The Abbey of Jumièges

in travelfeed •  20 days ago 

The Abbey of Jumièges is located in a small village in Northern France in the Seine valley. Its about 30 minutes away from the charming city of Rouen, and for me, about 2.5 hours away home.

The drive to the site is long but scenic, and depending on which direction you enter the village, may involve driving your car onto a barge to be ferried across the river.

The Western facade of Notre Dame's Church is the first thing that you see on approach. It was built in the Romanesque style and contains two asymmetrical twin towers which stand 46 meters in height.

The Abbey sits on a 14 hectare park. A large terrace, which once contained the vegetable garden ghat fed the Abbey's inhabitants, rests behind the ruins. At one point in history the property was essentially a self sustained community of it's own.

The cloister was once dedicated to meditation but has since all but been destroyed. Nonetheless the countless arched windows and tall remaining columns that remain give you a sense of the grandeur of what once stood on the property.

One of the neat things about visiting any ruins is that they require you to use a bit of your imagination.

I imagine that the building, in all its glory, must have been quite the site to see. In many ways, it still is.

A Brief History


The Abbey of Jumièges is considered one of the oldest and most important monestary's in the West of France. It was originally built in the year 645 and at its peak housed around 900 monks and 1500 servants on the property.

The Abbey wasn't originally built to the grand scale that is depicted today by its ruins today. In the 9th century the Abbey had to be re-built after it was pillaged and burnt to the ground by Vikings. After the destruction the Abbey was built larger then it was before and work and restoration continued on it for many centuries to come.

The Abbey was a model for all others in the province of Normandy. Along with being a center of learning and religion, it was known for its charity to the poor.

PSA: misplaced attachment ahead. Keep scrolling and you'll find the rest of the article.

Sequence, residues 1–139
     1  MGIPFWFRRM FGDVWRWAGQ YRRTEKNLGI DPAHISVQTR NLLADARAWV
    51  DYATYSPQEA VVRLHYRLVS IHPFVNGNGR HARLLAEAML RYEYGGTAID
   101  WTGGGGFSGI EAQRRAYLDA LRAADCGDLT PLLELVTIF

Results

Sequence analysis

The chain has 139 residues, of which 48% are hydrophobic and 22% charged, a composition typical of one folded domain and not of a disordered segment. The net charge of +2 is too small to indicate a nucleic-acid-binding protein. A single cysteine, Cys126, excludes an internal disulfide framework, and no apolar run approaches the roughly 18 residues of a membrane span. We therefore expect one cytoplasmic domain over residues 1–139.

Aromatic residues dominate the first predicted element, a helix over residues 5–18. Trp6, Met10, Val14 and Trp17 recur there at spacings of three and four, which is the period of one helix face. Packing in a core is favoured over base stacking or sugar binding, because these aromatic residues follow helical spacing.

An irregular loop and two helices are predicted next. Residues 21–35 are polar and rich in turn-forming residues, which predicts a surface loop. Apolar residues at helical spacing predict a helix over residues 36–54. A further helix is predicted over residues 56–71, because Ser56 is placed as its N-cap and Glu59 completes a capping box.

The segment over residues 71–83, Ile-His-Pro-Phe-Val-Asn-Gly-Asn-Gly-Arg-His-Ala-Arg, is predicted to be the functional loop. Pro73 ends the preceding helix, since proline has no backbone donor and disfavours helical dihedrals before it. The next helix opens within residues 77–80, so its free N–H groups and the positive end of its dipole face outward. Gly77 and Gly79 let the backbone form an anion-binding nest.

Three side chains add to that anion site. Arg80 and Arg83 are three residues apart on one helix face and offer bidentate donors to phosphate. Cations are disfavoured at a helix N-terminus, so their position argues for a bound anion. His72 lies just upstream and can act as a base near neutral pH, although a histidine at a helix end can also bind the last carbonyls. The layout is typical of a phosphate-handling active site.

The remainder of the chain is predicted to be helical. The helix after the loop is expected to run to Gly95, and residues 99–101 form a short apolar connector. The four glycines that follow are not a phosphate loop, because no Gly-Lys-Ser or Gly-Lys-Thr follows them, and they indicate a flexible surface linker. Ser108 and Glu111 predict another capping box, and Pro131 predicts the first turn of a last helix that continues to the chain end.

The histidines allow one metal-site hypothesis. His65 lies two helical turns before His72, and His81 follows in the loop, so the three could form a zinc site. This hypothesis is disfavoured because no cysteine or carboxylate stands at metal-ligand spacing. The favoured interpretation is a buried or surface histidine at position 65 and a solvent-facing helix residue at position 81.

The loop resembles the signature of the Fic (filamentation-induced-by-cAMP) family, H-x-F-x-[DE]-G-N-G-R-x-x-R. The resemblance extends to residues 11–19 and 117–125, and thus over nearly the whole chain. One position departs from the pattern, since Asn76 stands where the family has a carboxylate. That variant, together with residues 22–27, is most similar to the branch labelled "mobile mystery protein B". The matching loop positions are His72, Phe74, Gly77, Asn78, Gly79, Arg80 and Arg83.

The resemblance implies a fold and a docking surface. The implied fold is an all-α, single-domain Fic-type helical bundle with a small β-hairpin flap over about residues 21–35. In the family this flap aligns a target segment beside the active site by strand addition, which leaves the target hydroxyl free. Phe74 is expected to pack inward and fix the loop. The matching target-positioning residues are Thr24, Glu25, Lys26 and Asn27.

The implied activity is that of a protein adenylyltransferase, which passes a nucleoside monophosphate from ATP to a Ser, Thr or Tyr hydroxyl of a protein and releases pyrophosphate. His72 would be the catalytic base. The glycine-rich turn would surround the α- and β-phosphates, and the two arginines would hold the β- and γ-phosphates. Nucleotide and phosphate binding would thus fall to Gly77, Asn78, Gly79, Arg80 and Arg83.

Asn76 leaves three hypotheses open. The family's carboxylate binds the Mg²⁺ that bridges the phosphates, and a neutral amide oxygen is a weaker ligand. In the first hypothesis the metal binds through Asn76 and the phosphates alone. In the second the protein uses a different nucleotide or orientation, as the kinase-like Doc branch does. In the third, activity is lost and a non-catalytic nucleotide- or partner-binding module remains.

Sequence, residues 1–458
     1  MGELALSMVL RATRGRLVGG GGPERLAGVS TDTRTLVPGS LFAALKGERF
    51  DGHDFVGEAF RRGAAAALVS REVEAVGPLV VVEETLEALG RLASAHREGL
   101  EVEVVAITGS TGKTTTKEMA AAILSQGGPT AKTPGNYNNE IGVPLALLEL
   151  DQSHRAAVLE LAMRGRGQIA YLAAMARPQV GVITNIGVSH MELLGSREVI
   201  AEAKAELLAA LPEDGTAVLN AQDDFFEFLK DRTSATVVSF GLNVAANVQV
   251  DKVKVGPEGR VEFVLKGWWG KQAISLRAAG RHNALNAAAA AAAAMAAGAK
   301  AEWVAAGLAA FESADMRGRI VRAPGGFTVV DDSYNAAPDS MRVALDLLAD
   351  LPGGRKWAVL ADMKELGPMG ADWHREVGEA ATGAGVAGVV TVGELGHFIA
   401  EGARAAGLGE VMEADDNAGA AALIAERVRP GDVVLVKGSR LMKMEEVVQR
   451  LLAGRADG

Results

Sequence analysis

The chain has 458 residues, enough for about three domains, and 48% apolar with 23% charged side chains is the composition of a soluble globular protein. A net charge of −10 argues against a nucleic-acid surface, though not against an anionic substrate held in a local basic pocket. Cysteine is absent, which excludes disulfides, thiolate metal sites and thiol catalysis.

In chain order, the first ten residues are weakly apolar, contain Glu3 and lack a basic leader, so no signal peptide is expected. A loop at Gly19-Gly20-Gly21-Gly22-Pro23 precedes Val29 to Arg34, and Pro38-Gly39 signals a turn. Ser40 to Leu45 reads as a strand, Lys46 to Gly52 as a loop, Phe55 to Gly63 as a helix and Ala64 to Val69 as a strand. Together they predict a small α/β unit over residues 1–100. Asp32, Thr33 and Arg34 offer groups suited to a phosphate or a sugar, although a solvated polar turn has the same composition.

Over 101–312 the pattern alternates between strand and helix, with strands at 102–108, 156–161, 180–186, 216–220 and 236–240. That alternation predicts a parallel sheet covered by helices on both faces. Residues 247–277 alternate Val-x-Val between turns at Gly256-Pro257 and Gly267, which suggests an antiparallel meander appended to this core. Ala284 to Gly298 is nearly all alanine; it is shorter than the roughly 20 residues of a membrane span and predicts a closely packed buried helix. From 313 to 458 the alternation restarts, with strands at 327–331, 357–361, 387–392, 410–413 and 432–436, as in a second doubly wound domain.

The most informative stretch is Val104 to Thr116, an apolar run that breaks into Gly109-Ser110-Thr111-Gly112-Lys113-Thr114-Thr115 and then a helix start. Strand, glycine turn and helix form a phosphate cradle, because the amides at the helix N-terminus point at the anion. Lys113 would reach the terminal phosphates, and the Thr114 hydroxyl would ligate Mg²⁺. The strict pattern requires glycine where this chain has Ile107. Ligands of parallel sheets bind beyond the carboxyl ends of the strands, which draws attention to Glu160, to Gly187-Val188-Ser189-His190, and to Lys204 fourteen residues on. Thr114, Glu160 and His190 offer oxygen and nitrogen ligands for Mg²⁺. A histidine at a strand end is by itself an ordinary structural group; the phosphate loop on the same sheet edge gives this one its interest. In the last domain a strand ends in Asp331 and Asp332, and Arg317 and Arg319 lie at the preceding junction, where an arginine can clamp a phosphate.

Like many great religious structures in France, the Abbey of Jumièges was largely destroyed during the French Revolution. The site became a quarry and many of its large stones, along with any wood that could be salvaged from the property, were taken for use in other building projects.

What is left of the Abbey's structure today is an impressive ruins, as you can see.

Now for Some Portrait shots.


A picture of the cellars with one of the twin towers of the facade overlooking it from above.

The Nave is built in a Romanesque style. With its 25 meter ceilings it was one of the highest in all of Normandy.

The Nave was divided into 3 levels and originally contained a flat wood ceiling. I imagine that the front would have contained stained glass windows as well, but I don't actually know that for sure.

Looking back I also imagine that a large organ would have rested somewhere on the back wall, though again, I cannot be certain about that.

One thing you can be sure of though, if there is an empty pedestal on the property, either myself or my wife will climb onto it and pretend to be a statue. Its basically become our thing to do at any site that we visit. What I actually like about this shot though is that it demonstrates the scale of how large the building actually is.

Also located on the property is an abbital dwelling - the former residence of Jumièges abbots. Today it houses a collection of statues, tombs and effigies.

Many of the statues took some damage over time. As you can see this one lost its nose and part of its jaw and chin which gives it a creepy sort of appearance.